The EU is asking all European farmers to take part in a survey to get a better view on the use of precision agriculture technologies in European agriculture. Is technology the way to improve farming?
Until 10 February 2019, farmers from all 28 member states of the European Union can take part in a survey to get a better view on the use of precision agriculture technologies in European agriculture.
The survey targets both users and non-users of precision agriculture technologies, for drawing a comprehensive picture on the awareness, uptake and use of precision agriculture technologies. It is undertaken in parallel with similar surveys among companies of the machinery sector and public authorities.
Precision agriculture technologies
The survey is organised in partnership of the European farmers’ association Copa-Cogeca, the European network of national agricultural machinery associations CEMA, the European Commission services DG AGRI, Joint Research Centre and Eurostat and the European Environment Agency. The survey wants to learn more about European farmers’ awareness and experiences when it comes to precision agriculture technologies.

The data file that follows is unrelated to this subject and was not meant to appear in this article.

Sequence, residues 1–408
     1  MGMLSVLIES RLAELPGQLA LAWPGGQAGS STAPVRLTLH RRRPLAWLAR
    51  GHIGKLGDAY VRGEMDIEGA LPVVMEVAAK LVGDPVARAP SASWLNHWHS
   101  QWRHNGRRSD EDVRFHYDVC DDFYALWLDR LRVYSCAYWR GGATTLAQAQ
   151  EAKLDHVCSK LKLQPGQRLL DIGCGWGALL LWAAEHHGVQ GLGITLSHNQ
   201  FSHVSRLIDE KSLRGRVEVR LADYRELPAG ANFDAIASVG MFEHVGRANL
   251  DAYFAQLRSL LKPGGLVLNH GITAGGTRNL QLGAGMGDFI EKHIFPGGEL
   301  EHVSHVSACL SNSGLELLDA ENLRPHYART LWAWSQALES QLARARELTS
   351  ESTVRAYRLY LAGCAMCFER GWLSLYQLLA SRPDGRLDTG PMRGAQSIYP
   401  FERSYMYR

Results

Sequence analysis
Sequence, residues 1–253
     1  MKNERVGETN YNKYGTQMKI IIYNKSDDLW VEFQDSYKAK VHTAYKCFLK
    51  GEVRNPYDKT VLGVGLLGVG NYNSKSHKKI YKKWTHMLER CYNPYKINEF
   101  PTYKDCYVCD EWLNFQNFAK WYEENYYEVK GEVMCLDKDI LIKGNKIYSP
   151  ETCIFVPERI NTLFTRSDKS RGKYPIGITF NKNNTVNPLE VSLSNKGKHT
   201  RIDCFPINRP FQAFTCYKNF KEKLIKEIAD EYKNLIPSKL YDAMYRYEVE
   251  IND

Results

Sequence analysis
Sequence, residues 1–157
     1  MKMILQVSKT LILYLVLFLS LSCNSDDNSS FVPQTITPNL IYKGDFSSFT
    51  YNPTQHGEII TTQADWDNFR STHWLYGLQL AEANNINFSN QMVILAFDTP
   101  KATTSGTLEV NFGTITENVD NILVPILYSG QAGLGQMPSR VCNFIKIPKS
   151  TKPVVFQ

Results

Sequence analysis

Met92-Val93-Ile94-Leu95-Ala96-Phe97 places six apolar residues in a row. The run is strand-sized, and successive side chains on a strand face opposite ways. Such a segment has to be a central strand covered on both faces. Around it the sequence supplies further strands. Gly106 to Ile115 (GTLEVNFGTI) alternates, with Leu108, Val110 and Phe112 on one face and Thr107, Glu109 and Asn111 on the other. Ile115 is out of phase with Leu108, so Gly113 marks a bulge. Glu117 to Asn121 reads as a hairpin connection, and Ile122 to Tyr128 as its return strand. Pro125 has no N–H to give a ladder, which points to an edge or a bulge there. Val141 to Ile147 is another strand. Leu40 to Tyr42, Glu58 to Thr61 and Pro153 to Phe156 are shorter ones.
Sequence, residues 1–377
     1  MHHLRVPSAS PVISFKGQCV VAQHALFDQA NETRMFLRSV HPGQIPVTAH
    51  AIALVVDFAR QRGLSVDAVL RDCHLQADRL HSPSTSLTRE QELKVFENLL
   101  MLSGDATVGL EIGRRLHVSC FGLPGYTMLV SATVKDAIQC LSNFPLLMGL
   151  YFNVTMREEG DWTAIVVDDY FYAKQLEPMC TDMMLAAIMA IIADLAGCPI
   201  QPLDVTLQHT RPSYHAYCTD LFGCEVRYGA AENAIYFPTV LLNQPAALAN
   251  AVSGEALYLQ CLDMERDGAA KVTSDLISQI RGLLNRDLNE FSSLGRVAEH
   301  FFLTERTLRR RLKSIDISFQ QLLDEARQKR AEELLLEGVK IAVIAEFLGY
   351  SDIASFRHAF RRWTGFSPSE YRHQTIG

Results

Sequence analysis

The survey is available in English through this link. Translations in 22 other European languages can be downloaded as a zip file through this link.
Precision agriculture is an integrated information- and production-based farming system that aims at increasing the whole farm production efficiency, productivity and profitability while minimizing unintended impacts on the environment. In an agriculture market where gross margin and profitability are often getting tighter, the application of precision agriculture technologies can potentially contribute to increase the economic, environmental and social performance of a farm.
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A drone is being launched above a potato field. - Photo: Ruud Ploeg
Precision agriculture technologies may involve, e.g. the use of information technology, satellite positioning data, remote sensing and proximal data gathering. One precision agriculture technologies’ component is e.g. site-specific crop management where decisions on resource application and agronomic practices are improved to better match soil and crop requirements as they vary in the field.
A few specific examples of precision agriculture technologies benefits are:
- Increase in farmers’ income
- Optimised production efficiency
- Reduce emissions to the environment
- Enhanced adaptation and resilience to adverse weather events
- Improved work efficiency
- Reduced tiring working conditions
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